It’s difficult to find high-quality Christian writing for young adults. This is particularly true of fiction, which is perhaps why The Lion, the Witch and the Wardrobe was so rapturously received when it first appeared in 1950, and why the popularity of The Chronicles of Narnia has endured despite C.S. Lewis’ prejudices. There is, of course, much poorly written young adult fiction containing dubious eschatology and Pollyannish spiritual inanity—I’m sure the 40 books in the Left Behind: The Kids series are just as deficient in literary quality and doctrinal soundness as their adult counterparts.
Like the Narnia books, the best of the current crop is at heart good fiction, with convincing characters, compelling plot, and all the other elements that sustain good literature. It’s on closer inspection, or with senses already attuned, that a distinctly Christian message emerges. Most of the fiction below has a socially progressive undertow, and most, for one reason or another, concerns adolescent girls in situations of cultural displacement. Other than Lizzie Bright and the Buckminster Boy, the following books are suitable for kids 12 and older.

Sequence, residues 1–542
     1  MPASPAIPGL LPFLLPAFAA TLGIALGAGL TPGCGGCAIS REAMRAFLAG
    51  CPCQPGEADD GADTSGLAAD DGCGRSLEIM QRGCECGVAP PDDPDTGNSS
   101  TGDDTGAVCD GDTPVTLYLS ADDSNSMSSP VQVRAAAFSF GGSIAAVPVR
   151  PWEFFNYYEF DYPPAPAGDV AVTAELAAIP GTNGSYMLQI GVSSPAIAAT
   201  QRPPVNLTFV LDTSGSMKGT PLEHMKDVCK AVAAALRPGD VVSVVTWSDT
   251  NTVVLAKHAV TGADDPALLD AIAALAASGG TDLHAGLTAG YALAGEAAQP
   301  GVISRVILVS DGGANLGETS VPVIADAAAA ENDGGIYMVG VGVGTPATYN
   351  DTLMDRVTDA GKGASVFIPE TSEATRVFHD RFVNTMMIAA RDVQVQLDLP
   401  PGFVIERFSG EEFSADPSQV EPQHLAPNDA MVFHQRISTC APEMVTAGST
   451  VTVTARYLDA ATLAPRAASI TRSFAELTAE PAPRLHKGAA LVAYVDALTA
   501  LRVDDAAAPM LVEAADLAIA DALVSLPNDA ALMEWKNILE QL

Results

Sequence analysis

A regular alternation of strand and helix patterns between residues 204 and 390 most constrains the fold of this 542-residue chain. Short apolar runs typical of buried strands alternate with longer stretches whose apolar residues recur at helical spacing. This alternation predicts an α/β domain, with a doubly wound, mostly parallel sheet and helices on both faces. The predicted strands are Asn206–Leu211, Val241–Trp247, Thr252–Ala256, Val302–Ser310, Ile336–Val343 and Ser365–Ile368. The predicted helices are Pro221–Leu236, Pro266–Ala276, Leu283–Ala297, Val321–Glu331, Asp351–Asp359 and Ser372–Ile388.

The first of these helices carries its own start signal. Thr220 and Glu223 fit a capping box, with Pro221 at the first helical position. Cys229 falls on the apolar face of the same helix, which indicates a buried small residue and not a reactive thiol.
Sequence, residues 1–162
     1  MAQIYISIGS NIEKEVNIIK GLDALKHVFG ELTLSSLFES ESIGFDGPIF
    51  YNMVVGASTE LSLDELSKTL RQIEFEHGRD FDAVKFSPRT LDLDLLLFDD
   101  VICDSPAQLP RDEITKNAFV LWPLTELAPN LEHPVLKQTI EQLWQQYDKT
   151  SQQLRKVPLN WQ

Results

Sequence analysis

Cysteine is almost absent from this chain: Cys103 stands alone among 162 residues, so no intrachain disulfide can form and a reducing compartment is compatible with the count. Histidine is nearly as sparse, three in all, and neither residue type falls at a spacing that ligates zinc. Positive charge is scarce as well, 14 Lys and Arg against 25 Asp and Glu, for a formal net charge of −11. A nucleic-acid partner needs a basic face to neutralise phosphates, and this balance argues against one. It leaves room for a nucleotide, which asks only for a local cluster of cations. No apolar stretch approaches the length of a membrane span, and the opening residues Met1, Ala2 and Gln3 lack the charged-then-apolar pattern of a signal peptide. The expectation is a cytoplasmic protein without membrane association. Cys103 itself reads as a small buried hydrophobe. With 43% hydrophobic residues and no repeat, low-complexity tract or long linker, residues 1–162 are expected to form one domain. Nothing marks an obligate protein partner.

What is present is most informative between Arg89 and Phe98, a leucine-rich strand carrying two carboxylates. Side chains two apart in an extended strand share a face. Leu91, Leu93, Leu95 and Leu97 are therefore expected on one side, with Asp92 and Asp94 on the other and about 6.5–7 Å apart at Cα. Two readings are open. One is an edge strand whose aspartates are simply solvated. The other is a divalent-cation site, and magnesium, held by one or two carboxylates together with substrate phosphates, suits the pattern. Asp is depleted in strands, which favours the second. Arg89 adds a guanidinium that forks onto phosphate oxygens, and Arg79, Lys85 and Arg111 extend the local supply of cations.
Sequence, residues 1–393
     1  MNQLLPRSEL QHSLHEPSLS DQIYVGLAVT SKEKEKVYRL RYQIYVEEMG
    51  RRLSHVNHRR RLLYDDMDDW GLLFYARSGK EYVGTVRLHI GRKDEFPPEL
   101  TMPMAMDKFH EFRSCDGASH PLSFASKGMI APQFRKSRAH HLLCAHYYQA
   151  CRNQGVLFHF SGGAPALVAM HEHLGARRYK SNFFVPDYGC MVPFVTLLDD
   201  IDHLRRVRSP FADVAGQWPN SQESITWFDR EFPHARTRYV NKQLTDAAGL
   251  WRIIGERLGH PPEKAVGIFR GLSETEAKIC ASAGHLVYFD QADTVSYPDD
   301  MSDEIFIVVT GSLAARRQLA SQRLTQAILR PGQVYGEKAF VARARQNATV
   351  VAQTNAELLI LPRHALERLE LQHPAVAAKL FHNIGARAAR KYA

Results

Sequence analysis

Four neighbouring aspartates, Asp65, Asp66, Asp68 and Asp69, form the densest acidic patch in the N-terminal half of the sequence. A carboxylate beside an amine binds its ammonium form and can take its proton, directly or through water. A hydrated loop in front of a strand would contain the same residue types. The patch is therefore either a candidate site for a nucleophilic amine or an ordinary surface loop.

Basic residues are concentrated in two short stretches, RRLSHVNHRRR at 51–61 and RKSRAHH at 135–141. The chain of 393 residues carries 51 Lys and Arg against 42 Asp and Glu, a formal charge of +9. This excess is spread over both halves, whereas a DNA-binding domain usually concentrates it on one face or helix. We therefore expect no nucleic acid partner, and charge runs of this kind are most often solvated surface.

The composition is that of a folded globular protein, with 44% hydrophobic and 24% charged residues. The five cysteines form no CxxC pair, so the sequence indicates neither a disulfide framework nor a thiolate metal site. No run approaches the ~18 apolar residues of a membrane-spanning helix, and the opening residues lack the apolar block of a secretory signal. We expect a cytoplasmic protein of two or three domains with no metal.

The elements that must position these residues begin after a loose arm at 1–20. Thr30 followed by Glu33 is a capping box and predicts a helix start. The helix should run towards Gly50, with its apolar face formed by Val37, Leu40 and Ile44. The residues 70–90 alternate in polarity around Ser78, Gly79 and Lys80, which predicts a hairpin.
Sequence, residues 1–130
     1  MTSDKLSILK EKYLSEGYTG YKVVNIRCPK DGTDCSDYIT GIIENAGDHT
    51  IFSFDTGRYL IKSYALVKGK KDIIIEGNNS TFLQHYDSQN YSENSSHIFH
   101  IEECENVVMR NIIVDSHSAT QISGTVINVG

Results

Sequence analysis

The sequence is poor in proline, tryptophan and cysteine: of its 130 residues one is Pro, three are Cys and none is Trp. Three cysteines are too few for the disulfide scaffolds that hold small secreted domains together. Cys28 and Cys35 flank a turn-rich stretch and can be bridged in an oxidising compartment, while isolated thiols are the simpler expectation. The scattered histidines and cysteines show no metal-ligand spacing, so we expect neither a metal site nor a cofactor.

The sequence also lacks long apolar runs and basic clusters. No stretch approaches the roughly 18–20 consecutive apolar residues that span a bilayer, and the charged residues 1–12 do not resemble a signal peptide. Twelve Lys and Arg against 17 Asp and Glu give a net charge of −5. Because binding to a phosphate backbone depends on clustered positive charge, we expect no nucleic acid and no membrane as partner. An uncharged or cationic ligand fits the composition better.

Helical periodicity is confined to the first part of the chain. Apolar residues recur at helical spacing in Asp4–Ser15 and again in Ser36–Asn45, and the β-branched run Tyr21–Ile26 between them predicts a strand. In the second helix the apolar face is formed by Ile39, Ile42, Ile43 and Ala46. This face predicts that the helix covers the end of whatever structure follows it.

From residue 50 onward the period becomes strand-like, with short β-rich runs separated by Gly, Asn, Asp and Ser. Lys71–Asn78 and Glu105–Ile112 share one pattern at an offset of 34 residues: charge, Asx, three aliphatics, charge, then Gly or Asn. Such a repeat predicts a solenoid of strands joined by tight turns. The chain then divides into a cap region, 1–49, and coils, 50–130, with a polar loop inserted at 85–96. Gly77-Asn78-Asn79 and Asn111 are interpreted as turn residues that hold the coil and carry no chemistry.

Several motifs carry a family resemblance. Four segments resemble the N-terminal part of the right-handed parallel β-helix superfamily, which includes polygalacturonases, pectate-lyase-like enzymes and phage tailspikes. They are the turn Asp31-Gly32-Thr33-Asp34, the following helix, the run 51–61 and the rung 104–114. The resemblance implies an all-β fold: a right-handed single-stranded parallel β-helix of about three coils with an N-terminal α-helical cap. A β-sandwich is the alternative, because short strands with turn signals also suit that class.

The young adult summer blockbuster Harry Potter and the Half-Blood Prince is one of the better books in J.K. Rowling’s highly successful franchise. Her 16- and 17-year-old heroes still seem stuck at 14, though they’re finally wrestling with some of the thornier effects of puberty on friendship—how does a boy sustain a friendship with a girl on whom he has a wild crush? How does your friendship with your best friend survive if you kiss his younger sister?